Village Council

Village Council— CBE federal grants reduced

The Village of Yellow Springs learned this week that federal grant funds that have long been committed for road construction within the Village commerce park have been withdrawn. A federal earmark of $344,000 that was committed through the Ohio Department of Transportation for roads at the Village’s Center for Business and Education was redirected last month to another project. The loss of funding cuts the CBE’s infrastructure budget by over 20 percent.

Village Manager Laura Curliss for one thinks the news is a good thing for the village. Even with all the grant money, for the past year the Village has been unable to bridge a funding gap to pay for the CBE’s total road and utility installation estimate of $1.5 million. The withdrawal of such a large sum will force the Village to rethink the entire plan, Curliss said.

“This will allow us to step back and reevaluate,” she said during her manager’s report at the Village Council meeting Monday, Oct. 1. “I think scaling back $400,000 will make it a lot more doable project.”

Yellow Springs Community Resources has been the lead development partner working with the Village to open the CBE. That group is taking more of a wait-and-see approach to the project. According to board member Jerry Sutton on Tuesday, despite the partial loss of funds, CR is prepared to keep moving forward to bid the original infrastructure design. The group is hopeful that with contractors hungry for work and asphalt prices lower than anticipated, the project will still be doable. And if after the bid, the project still needs more funds, CR is ready to tap the community and other grant sources for support.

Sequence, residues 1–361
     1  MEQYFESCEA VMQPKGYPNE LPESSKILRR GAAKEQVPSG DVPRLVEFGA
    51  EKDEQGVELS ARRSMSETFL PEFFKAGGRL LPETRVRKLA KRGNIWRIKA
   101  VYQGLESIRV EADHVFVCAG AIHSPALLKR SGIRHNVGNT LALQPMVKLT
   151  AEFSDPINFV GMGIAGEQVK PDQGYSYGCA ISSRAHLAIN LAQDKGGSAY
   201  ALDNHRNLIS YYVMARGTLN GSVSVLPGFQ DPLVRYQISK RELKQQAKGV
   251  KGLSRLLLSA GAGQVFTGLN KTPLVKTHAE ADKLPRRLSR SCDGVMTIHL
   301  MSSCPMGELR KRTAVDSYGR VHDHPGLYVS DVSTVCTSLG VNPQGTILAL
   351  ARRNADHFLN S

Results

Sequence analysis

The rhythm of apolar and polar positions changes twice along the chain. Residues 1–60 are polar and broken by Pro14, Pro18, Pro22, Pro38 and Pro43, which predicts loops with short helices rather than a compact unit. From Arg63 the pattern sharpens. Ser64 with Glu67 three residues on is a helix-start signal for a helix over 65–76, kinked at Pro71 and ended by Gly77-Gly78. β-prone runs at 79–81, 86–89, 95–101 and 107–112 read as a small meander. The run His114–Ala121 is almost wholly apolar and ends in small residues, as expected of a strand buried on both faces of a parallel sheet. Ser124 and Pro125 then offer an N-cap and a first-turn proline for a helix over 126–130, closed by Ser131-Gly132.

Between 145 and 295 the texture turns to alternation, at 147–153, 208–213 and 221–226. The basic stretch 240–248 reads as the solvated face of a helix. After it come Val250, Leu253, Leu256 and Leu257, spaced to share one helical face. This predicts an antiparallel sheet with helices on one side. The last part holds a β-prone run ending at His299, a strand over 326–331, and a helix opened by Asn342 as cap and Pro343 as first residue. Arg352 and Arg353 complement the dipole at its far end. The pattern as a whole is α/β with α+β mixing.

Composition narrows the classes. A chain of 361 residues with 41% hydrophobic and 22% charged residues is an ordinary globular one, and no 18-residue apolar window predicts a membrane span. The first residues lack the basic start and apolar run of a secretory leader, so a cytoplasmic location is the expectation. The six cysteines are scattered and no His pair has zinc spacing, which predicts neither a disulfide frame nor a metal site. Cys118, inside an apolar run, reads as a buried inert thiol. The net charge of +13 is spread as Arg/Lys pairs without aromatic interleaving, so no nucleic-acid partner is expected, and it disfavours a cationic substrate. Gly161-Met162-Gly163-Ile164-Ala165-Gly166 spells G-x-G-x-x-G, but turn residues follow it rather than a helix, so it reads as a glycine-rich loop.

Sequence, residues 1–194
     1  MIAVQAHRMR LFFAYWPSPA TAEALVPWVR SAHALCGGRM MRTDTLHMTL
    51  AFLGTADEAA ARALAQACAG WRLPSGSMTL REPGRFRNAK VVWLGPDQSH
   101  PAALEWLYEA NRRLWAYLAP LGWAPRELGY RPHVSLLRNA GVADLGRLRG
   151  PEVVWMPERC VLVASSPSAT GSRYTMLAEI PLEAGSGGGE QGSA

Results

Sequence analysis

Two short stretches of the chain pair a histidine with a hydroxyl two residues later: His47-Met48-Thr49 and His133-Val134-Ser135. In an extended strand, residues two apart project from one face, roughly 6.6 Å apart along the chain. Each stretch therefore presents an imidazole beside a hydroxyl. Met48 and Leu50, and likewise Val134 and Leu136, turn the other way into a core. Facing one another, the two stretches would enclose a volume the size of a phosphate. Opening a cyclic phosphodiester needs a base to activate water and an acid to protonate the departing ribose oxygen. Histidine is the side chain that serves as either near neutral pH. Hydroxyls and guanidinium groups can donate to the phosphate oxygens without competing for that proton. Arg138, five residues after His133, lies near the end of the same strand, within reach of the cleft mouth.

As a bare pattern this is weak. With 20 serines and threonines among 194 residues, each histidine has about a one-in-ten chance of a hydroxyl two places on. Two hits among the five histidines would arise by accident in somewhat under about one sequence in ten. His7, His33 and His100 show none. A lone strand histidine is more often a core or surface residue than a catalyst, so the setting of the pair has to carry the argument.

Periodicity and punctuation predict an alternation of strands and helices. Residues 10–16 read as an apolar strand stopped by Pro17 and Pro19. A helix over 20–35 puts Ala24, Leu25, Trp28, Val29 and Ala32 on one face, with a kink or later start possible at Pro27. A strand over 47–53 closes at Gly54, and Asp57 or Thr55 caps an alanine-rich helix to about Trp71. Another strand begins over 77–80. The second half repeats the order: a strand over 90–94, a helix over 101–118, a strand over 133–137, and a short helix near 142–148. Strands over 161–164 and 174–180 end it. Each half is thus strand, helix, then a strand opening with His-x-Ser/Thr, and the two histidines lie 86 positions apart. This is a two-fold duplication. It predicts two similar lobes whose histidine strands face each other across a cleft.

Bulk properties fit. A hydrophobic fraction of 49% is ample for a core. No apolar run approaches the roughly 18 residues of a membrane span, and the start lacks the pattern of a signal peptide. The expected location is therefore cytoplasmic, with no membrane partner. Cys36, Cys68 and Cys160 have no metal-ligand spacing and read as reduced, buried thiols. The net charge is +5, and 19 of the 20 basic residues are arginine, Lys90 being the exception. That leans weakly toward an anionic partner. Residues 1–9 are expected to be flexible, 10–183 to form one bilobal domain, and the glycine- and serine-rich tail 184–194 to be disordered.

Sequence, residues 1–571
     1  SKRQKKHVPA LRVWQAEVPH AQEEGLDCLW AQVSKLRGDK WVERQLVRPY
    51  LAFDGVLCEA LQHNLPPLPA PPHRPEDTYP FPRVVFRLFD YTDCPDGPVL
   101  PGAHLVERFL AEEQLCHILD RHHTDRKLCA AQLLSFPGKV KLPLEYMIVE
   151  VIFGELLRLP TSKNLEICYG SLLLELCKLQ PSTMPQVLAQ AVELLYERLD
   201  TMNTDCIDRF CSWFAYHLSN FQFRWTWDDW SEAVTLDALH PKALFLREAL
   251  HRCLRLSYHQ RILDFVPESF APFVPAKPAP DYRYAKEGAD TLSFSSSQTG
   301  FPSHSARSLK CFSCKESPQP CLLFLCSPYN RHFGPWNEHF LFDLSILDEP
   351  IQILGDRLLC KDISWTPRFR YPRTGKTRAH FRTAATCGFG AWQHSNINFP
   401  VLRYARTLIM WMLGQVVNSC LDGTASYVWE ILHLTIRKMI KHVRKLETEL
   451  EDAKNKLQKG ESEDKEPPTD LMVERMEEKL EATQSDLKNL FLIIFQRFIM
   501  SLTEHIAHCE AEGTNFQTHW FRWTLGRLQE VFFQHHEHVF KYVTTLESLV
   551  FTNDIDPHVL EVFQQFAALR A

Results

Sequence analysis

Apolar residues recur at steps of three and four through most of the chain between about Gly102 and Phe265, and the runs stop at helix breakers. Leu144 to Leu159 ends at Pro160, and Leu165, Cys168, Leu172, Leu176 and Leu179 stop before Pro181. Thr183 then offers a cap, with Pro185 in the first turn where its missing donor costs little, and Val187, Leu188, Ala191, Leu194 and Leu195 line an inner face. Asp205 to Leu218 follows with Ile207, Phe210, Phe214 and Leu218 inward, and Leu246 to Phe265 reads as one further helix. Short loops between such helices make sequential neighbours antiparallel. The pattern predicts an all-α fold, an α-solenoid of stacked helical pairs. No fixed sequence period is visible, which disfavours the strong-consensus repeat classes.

“The loss of funds was predictable — there’s something called ‘use it or lose it,’” Sutton said. “We still have about $400,000 from the Corps of Engineers and it’s essential that we figure out how to use it and move forward as soon as possible.”

The Village and CR have been working with ODOT to advance the CBE through its design and development stages for the past three and a half years. In 2006 the project benefitted from a commitment of $1 million in road and utility infrastructure grants from both ODOT and the U.S. Army Corps of Engineers. But the design approval process has been slow, and over the summer ODOT officials reviewed the project for stage 3 plan readiness and did not consider it “committed” enough to receive the last $344,000 earmark for road construction. Last month the Federal Highway Administration directed ODOT to reallocate or forfeit any earmarks that were not committed by Dec. 31, and the earmark was redirected to an I-75 highway project.

According to a memo Curliss sent to Council this week, ODOT tried to substitute other funds for the Village’s earmark, but because none of the roadways in the CBE are dedicated federal or state roads, they cannot benefit from discretionary state highway funds.